SNAP#

The Supplemental Nutrition Assistance Program (SNAP) is a program that provides food assistance to low-income families. Eligibility depends on household size, state, and income, before and after a series of deductions involving earnings and various costs such as shelter and childcare.

Examples#

California currently provides emergency allotments for the Covid-19 pandemic. This tops up every eligible household to the maximum allotment for their household size, or $95 per month, whichever is larger.

These examples show SNAP allotments for a sample household, depending on their characteristics, both with (Full) and without (Normal) the emergency allotment.

How earnings affect a one-person household’s SNAP allotments#

Consider a single person household in California with $1,000 monthly earned income and $600 monthly rent. They would be eligible for $145 per month in SNAP allotments, or a top-up to the full $250 with the emergency allotment. Since the top-up is $105, less than the $95 emergency allotment minimum, they would not receive more than the maximum allotment.

from openfisca_us import IndividualSim
import pandas as pd
import plotly.express as px

sim_emp = IndividualSim(year=2022)
sim_emp.add_person(name="person", employment_income=1000 * 12)
sim_emp.add_spm_unit(
    name="spm_unit", members=["person"], housing_cost=600 * 12
)

print(
    "SNAP normal allotment: ",
    round(sim_emp.calc("snap_normal_allotment")[0] / 12),
)
print(
    "SNAP emergency allotment: ",
    round(sim_emp.calc("snap_emergency_allotment")[0] / 12),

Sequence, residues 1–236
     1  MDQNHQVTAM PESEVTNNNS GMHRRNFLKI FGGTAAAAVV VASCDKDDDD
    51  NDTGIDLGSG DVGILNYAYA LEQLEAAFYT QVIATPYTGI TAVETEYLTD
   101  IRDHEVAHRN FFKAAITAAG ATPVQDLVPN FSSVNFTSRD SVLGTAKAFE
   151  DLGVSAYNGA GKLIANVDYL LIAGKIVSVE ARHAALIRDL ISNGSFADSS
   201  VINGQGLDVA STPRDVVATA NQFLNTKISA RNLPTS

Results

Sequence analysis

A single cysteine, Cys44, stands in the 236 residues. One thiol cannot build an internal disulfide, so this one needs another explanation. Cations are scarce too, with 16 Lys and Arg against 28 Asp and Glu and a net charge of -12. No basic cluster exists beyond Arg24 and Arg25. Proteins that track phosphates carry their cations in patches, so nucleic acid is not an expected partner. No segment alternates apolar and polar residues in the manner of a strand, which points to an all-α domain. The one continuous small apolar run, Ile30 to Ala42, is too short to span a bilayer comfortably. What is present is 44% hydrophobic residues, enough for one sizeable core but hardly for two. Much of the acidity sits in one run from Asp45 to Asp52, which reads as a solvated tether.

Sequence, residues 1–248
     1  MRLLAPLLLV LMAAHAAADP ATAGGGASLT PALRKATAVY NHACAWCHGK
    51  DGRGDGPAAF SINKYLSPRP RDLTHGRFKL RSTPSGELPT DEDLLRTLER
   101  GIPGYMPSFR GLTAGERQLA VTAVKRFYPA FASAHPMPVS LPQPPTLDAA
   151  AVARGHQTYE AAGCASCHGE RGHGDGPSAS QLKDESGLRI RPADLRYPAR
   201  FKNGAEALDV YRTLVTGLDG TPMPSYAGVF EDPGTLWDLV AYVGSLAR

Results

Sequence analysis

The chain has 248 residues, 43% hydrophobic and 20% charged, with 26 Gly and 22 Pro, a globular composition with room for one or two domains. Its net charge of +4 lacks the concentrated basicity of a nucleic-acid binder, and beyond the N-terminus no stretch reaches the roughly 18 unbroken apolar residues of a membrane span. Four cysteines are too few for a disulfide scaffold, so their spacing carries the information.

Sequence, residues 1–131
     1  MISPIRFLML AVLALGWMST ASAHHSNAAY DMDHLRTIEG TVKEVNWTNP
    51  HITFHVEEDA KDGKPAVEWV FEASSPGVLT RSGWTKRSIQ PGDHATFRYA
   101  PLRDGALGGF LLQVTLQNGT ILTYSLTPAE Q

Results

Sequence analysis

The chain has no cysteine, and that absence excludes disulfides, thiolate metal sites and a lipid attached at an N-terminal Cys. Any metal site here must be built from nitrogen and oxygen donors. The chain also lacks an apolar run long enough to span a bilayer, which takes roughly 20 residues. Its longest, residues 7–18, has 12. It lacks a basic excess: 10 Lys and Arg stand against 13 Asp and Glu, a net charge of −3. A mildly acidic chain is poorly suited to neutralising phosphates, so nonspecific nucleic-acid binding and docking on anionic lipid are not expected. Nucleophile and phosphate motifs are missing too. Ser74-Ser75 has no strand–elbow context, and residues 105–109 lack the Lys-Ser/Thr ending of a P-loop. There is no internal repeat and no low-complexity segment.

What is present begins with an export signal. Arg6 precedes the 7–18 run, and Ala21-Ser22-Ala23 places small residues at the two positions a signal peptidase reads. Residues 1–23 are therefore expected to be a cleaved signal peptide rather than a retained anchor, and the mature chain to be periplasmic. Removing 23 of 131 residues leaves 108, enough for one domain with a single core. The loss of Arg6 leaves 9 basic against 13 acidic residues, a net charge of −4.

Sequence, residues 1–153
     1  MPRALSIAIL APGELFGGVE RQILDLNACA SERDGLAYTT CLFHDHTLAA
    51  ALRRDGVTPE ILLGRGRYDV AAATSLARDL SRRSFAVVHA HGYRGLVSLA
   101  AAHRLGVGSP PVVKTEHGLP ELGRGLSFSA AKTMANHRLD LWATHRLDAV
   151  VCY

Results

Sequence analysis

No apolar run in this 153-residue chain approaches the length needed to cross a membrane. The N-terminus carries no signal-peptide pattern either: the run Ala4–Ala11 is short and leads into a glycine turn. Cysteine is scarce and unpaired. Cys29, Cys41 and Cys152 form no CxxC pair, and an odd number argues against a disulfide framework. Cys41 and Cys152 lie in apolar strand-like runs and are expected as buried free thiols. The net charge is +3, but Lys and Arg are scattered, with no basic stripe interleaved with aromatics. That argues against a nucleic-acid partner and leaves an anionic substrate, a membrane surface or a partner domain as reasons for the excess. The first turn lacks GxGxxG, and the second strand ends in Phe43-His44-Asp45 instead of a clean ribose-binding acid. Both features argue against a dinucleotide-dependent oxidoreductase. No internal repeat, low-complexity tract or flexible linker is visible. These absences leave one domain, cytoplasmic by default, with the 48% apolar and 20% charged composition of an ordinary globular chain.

)
print("Total SNAP: ", round(sim_emp.calc("snap")[0] / 12))
SNAP normal allotment:  150
SNAP emergency allotment:  100
Total SNAP:  250

What if their earnings change? They receive the maximum allotment of $250 per month until they reach $720 in monthly earnings, plus the $95 emergency allotment, coming to $345. When their income hits $980 per month, their normal allotment falls to $155, at which point their total allotment stabilizes at $250. The normal allotment then continues to fall until their earnings reach $1,350, at which point their continue to receive the $20 minimum monthly allotment until they reach $2,150 per month, 200% of the poverty line. At 200% of the poverty line, both their normal and full allotment fall to $0.

sim_emp.vary("employment_income", max=2500 * 12, step=120)

import plotly.express as px

LABELS = dict(
    employment_income="Monthly employment income",
    dividend_income="Monthly dividend income",
    income="Monthly income",
    income_source="Income source",
    housing_cost="Monthly housing cost",
    snap="Monthly SNAP allotment",
    mtr="Marginal tax rate from SNAP",
    housing_subsidy_rate="Housing subsidy rate from SNAP",
    allotment="SNAP allotment",
)

emp_df_full = pd.DataFrame(
    dict(
        employment_income=sim_emp.calc("employment_income")[0],
        allotment="Full",
        snap=sim_emp.calc("snap")[0],
        mtr=-sim_emp.deriv("snap", "employment_income"),
    )
)
emp_df_normal = pd.DataFrame(
    dict(
        employment_income=sim_emp.calc("employment_income")[0],
        allotment="Normal",
        snap=sim_emp.calc("snap_normal_allotment")[0],
        mtr=-sim_emp.deriv("snap_normal_allotment", "employment_income"),
    )
)
emp_df = pd.concat([emp_df_full, emp_df_normal])
emp_df[["employment_income", "snap"]] = (
    emp_df[["employment_income", "snap"]] / 12
).round()

fig = px.line(
    emp_df,
    "employment_income",
    "snap",
    color="allotment",
    labels=LABELS,
    title="SNAP allotment for a one-person household in California with $600 monthly housing costs",
)
fig.update_layout(xaxis_tickformat="$,", yaxis_tickformat="$,")
fig.show()